One of the reasons often cited to explain the importance of immigrant workers to the U.S. economy is the presumption that immigrants perform jobs that U.S. natives are unwilling to take. Numerous studies show that immigrant workers complement the native-born in various ways. But in spite of the growing evidence, restrictionist groups recurrently argue that inflows of immigrants negatively affect the native-born labor force as a whole, and less-educated working-class individuals in particular.
The reality is that, in general, native-born workers do not compete with immigrants for the same jobs. And to a large extent that is because “unemployed natives and employed recent immigrants tend to have different levels of education, to live in different parts of the country, to have experience in different occupations, and to have different amounts of work experience.” In particular, immigrant workers tend to specialize in occupations intensive in manual, physical labor, while natives tend to work in jobs more intensive in communication and language tasks.
Adding more nuance to the “complementarity thesis,” a recent publication by economist Madeline Zavodny shows that immigrants are more likely than natives to work in jobs that are more physically demanding. In other words, on average, immigrants tend to do jobs that require more physical effort.
There are a number of reasons why the foreign-born are more likely to hold more physically strenuous jobs. According to Zavodny, some of those reasons are that immigrants tend to have different skills and expertise than U.S. natives, a large proportion of them are undocumented, they tend to be healthier when they first come to the country, and they may have different expectations regarding working conditions compared to U.S. natives.
Ironically, the results of this objective assessment are not reflected in the perception that immigrants have regarding their job requirements. Specifically, immigrants do not perceive their occupations as being more physically demanding than those of native-born workers. There are several possible reasons for the split between how immigrants think about their job demands compared to native-born workers. According to Zavodny, immigrants and natives may have different criteria to assess what a physically onerous job is, based on different expectations. And because workers choose their jobs, they may not perceive the arduousness of more demanding occupations. It may very well be the case that because immigrants do not perceive physically demanding jobs as being onerous, they are willing to take them.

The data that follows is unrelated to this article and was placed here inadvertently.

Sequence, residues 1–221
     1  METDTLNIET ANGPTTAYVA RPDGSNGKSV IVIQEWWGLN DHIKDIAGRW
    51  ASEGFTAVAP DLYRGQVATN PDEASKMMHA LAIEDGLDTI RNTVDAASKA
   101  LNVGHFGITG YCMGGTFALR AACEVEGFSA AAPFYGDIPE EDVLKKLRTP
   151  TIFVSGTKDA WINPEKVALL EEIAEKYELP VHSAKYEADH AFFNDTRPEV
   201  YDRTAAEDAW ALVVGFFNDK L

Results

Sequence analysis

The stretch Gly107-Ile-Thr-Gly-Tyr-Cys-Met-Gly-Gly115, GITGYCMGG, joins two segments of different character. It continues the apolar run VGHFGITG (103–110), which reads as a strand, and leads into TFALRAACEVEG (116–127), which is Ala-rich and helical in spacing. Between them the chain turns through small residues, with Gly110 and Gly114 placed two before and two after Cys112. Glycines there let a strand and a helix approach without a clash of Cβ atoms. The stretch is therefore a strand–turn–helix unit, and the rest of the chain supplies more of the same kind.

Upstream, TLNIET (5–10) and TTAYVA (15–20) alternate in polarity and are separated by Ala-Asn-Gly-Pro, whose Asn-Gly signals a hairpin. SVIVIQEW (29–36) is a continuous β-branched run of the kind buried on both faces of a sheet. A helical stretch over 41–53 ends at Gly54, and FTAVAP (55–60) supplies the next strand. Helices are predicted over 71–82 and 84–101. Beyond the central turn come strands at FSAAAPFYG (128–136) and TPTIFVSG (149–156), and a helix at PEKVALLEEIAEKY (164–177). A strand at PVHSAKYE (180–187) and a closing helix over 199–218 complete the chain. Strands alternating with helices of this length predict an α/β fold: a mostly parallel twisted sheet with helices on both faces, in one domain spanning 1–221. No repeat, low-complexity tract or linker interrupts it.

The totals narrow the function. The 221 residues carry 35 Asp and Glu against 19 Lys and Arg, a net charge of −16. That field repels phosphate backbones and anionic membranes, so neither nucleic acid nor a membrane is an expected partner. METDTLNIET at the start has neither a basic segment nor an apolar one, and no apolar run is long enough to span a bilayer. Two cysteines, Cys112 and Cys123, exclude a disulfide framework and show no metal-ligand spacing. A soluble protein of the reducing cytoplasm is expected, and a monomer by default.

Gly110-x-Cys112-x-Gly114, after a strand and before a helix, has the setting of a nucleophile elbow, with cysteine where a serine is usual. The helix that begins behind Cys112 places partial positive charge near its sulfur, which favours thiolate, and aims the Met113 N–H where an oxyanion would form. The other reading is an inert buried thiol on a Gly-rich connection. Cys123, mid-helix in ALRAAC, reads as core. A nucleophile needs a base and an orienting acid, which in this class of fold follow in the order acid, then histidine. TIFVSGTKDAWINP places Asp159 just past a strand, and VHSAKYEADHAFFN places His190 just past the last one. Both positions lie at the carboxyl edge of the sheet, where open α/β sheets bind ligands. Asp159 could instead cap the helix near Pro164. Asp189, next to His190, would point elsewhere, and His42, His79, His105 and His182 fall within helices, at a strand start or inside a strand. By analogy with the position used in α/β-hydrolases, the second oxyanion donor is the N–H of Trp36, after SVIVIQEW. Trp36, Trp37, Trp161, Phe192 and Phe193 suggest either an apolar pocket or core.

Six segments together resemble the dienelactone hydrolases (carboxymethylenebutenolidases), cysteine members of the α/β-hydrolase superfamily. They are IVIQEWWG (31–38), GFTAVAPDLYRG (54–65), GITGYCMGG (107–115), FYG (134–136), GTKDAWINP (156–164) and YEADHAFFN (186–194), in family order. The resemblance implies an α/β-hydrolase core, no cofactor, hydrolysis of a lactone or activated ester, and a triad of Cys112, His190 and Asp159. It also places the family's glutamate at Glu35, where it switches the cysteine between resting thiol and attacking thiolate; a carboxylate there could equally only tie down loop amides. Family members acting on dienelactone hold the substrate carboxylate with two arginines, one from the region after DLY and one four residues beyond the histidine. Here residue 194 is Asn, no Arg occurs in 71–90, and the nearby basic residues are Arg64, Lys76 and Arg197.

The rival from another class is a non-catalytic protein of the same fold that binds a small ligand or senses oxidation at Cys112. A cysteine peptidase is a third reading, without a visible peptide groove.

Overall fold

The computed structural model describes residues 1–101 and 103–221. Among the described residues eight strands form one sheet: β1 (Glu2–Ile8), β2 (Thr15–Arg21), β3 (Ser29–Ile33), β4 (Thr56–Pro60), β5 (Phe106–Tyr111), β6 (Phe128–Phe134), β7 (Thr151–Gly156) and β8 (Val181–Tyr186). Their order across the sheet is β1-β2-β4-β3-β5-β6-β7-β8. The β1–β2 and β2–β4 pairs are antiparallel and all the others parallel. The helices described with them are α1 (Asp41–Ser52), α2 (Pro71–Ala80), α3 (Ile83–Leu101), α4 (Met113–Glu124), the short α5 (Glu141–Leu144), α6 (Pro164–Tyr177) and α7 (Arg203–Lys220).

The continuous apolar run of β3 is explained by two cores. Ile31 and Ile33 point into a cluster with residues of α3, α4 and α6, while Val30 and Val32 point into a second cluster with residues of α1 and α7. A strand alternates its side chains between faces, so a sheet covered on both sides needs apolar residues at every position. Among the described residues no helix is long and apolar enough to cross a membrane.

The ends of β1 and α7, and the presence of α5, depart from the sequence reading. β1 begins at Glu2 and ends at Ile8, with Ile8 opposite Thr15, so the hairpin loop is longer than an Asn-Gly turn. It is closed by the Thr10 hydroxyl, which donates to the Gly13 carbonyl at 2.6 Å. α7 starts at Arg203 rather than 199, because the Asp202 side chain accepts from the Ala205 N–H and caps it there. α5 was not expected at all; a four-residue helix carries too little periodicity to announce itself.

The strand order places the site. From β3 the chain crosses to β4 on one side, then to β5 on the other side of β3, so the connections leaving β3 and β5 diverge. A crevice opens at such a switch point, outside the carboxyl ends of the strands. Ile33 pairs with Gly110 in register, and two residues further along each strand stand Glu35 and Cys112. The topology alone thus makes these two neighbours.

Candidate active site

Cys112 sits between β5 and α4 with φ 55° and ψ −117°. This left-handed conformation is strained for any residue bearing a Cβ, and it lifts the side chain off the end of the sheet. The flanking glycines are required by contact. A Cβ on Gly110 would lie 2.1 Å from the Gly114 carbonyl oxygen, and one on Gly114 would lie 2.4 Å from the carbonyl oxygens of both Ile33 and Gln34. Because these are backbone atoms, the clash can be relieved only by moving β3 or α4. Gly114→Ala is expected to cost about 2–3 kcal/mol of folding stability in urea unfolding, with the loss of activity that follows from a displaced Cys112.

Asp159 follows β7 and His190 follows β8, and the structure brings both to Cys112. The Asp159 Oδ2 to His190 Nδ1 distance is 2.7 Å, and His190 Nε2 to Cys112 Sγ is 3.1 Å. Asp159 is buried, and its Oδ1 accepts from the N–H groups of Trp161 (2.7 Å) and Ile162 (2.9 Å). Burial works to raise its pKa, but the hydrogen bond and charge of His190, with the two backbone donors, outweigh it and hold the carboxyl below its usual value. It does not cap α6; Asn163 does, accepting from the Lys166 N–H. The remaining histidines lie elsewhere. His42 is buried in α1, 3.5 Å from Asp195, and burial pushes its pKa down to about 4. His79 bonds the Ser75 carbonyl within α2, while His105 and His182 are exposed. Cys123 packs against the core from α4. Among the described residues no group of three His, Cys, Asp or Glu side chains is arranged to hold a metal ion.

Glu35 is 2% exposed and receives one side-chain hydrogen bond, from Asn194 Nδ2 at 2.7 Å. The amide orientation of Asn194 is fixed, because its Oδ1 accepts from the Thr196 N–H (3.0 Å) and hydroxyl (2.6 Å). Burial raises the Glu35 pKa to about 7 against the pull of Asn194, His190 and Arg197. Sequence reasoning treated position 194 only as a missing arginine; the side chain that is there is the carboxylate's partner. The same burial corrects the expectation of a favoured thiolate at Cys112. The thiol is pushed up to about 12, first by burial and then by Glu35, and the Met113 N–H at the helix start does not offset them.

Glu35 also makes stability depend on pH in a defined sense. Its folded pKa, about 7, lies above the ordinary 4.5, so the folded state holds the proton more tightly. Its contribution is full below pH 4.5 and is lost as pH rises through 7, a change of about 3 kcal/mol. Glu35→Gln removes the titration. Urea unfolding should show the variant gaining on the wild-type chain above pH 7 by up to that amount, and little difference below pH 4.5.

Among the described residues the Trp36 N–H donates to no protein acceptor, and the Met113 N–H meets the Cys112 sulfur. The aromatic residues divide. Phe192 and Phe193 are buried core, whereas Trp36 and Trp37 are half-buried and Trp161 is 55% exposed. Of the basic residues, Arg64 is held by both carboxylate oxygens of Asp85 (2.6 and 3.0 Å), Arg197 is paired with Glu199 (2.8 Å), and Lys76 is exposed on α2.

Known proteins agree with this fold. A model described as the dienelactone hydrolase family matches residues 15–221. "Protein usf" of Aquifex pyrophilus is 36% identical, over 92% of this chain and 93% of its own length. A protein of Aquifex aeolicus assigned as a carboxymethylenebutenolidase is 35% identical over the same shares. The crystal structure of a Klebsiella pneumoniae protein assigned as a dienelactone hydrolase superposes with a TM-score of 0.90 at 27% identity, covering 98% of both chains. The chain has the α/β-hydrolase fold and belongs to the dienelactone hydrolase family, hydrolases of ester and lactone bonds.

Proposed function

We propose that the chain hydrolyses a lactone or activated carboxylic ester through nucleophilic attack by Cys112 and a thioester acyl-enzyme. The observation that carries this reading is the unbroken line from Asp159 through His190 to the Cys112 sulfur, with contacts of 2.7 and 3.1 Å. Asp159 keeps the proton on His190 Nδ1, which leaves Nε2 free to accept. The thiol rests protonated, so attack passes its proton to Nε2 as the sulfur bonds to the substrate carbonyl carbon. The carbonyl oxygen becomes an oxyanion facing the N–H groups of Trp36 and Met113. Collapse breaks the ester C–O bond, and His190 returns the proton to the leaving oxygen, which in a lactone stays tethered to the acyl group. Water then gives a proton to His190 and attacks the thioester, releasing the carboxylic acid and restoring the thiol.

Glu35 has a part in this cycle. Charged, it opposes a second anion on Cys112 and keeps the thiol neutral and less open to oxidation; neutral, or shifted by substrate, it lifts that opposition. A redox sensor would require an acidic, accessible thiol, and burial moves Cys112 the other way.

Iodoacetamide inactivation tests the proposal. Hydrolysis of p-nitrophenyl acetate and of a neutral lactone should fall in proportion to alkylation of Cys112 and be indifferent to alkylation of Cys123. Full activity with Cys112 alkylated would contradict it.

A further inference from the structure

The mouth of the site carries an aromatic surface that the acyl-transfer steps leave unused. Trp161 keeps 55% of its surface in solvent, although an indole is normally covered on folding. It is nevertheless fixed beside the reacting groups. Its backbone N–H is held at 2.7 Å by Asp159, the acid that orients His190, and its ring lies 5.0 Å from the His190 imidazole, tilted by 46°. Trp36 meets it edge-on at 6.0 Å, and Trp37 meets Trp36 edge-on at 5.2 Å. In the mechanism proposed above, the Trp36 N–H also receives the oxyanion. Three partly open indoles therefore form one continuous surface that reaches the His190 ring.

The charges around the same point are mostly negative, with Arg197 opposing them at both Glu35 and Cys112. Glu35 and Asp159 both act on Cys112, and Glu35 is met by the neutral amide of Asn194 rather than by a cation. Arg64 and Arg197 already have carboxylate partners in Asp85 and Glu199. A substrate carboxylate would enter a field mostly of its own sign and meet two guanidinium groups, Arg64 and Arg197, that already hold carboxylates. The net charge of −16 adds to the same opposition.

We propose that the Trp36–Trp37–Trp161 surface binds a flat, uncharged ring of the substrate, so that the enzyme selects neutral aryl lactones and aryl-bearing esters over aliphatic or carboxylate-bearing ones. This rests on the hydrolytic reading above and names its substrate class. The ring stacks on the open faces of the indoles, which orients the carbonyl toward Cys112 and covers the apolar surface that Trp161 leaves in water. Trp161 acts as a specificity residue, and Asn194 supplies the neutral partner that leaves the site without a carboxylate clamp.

These results are meaningful in more than one way. On the one hand, they lend support to the idea that immigrants are willing to do jobs that U.S.-born workers are not willing to pursue. On the other hand, this implies that because they are more likely to take these jobs, immigrants are exposed to greater risks. Not surprisingly, sectors of the economy with more physical requirements (e.g., construction, mining, and agriculture) also present more workplace risks. A previous study by economists Pia Orrenius and Zavodny has actually shown that immigrants are more likely to work in risky jobs than U.S.-born workers.
This analysis sheds light on two very important issues. It reasserts that immigrant workers fill a key economic need by being willing to do jobs that U.S. workers are less likely to do. Thus, the immigration system should address the country’s labor needs by providing appropriate mechanisms by which immigrant workers can come to the country legally. And the study also indirectly draws attention to the need for adequate worker protections for everyone. Because immigrants, particularly undocumented immigrants, work in some of the most physically demanding and dangerous jobs, they are often the most vulnerable when protections are inadequate. Safe working conditions thus become an important, but often overlooked factor, in the significance of immigration reform.
Photo by Astrid Westvang.